The story of the British royal family and the Moët & Chandon Champagne House began in the 19th century. Since then, it has written itself and this unique relationship of bubbles and royalty continues to evolve. Here is a look back at almost 200 years of history.
A story always has a beginning and an end. And this one begins in 1835.
At that time, the House of Moët & Chandon had been in existence since 1743. Its founder, Claude Moët, wanted to transmit a unique know-how, combining innovation and bubbles. He was the first to embody these values and very quickly made his champagne one of the most prized in Europe.
For its part, the royal family invented the Royal Warrants of Appointment, which were mandates issued to companies providing goods and services to the royal court of England. Brands can advertise this endorsement on their packaging and advertising.
British royals have long enjoyed champagne. After George II, Queen Victoria followed the legacy of her predecessor by granting the French brand the famous Royal Warrant in 1835. It is said that she was indeed a great lover of sparkling wines, on the sole condition that it was not too “sweet”, in other words quite dry.
In total, the Champagne House has served seven kings and queens across the Channel, until today. Three of its cuvées are currently qualified as Imperial. Over the years, Moët & Chandon has learned to know the tastes of the family, offering several types of sparkling wines, until finding the perfect match.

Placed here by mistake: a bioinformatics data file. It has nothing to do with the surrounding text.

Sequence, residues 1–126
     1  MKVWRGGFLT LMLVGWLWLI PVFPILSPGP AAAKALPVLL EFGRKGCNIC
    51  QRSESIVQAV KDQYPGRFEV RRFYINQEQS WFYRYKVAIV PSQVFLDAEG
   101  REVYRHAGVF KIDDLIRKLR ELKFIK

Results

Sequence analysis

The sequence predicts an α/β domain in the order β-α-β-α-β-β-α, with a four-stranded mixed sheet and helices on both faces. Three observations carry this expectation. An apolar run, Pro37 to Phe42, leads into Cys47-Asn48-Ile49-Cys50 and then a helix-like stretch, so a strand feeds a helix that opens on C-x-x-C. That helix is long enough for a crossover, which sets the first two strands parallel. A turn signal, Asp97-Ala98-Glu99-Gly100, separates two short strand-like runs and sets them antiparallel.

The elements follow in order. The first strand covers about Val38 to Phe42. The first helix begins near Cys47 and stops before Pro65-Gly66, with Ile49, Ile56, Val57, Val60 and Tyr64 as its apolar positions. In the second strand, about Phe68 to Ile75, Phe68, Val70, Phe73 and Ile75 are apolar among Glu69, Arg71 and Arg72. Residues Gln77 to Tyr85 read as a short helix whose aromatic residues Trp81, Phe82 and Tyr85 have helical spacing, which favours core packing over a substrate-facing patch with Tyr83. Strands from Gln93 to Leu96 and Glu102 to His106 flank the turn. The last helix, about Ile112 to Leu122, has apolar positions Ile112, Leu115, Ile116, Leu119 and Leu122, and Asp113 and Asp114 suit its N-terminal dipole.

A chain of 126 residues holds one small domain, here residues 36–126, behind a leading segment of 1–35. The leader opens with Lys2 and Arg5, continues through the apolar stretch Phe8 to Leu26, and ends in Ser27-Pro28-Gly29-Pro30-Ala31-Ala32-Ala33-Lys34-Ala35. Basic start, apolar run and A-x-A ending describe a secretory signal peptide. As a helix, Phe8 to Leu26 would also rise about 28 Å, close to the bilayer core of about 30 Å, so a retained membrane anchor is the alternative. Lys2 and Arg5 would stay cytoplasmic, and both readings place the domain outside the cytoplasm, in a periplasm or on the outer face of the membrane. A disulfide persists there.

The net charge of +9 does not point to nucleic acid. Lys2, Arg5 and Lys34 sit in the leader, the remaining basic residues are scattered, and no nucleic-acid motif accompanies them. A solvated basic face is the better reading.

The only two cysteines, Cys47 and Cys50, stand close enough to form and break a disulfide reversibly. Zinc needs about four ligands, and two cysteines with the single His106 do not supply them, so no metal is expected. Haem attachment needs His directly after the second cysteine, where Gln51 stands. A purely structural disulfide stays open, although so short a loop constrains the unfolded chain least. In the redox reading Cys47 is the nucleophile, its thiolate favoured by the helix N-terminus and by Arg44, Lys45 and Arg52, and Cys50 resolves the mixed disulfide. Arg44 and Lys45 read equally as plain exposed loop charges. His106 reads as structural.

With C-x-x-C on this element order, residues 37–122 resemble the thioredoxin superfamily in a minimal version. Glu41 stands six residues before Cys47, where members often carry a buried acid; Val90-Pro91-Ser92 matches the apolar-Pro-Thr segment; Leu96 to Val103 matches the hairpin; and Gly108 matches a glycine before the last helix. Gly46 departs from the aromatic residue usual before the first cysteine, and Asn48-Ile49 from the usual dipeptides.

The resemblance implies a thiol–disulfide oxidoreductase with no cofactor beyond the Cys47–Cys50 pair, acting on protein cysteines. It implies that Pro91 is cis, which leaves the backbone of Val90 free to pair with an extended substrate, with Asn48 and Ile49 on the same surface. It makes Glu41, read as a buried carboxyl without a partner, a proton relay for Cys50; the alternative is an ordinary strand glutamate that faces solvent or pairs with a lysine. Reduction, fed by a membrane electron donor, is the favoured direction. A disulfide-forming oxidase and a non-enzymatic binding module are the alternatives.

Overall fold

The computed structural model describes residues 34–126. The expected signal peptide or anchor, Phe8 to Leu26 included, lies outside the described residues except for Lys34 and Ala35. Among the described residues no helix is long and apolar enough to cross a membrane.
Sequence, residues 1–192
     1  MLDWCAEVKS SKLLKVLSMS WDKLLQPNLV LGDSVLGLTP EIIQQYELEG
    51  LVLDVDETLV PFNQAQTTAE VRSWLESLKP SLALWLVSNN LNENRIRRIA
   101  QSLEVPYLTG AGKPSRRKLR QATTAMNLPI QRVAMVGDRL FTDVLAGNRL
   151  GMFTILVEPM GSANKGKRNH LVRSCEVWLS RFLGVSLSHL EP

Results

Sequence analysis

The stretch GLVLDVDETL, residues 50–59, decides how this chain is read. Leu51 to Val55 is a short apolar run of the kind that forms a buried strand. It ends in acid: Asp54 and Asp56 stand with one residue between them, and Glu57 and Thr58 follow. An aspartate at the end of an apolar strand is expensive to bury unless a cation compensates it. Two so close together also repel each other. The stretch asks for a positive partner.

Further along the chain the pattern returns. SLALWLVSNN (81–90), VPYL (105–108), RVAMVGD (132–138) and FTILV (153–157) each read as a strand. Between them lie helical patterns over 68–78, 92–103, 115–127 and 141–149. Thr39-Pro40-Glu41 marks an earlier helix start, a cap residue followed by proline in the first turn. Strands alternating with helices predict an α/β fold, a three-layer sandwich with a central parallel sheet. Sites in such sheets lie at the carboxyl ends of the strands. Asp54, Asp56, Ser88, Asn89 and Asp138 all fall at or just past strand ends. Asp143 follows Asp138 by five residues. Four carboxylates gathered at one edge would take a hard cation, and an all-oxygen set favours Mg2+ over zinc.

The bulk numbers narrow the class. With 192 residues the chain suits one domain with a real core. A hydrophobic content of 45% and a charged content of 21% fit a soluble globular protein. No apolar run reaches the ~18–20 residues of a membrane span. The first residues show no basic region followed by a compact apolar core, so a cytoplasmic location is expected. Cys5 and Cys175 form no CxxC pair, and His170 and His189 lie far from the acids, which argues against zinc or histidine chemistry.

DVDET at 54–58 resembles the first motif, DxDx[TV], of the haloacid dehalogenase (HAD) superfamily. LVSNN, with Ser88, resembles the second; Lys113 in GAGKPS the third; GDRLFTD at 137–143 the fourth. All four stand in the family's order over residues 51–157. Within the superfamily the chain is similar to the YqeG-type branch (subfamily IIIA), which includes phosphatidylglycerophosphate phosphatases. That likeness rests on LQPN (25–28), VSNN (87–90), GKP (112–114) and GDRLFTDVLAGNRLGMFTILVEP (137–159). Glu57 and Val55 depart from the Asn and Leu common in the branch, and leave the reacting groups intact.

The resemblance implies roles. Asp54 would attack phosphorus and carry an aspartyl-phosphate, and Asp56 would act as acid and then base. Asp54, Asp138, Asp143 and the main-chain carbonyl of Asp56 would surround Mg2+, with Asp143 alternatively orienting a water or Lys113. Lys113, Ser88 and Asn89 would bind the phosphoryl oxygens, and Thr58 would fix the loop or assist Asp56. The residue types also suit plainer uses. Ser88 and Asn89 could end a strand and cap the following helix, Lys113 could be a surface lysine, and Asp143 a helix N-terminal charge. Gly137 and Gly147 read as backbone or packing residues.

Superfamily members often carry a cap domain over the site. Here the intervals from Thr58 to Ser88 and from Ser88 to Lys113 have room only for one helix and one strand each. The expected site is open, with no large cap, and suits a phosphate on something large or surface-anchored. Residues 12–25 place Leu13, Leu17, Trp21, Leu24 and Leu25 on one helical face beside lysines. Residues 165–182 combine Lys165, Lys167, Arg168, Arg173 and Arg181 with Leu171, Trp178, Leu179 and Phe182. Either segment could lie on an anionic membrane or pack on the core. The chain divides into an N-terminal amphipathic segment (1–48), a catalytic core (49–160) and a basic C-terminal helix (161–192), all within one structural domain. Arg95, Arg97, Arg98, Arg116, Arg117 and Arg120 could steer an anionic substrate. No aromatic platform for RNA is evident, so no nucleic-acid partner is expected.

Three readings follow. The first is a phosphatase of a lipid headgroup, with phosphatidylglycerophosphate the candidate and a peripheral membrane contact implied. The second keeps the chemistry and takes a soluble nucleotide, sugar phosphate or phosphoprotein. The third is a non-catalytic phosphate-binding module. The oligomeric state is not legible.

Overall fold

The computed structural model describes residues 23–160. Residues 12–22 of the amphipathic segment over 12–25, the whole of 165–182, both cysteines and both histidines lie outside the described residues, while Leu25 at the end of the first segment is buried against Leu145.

Thus, in 1884, almost 40 years after being awarded its first mandate, the House created the Dry Impérial, a dry champagne nicknamed the Cuvée Royale, in homage to the crown. Today, the number one champagne is also the undisputed leader on British soil, closely followed by other iconic and favorite brands of the English family, such as Mumm Champagne.
This historic association continues through the decades. In the 20th century, the relationship continued with various coronations. First that of Edward VII in 1902, then that of George V in 1911, followed by that of George VI in 1937 and the penultimate one, that of Queen Elizabeth II in 1953.
And because this sparkling relationship endures, the House has also marked the Queen’s silver, gold and diamond jubilees with limited edition champagne releases. The bottle for the silver jubilees, named Silver Jubilee Cuvée Champagne, has been given a silver color for the occasion, instead of the usual gold color. And not surprisingly, we find the emblematic crown on the label, in addition to the appellation “Cuvée Royale”.
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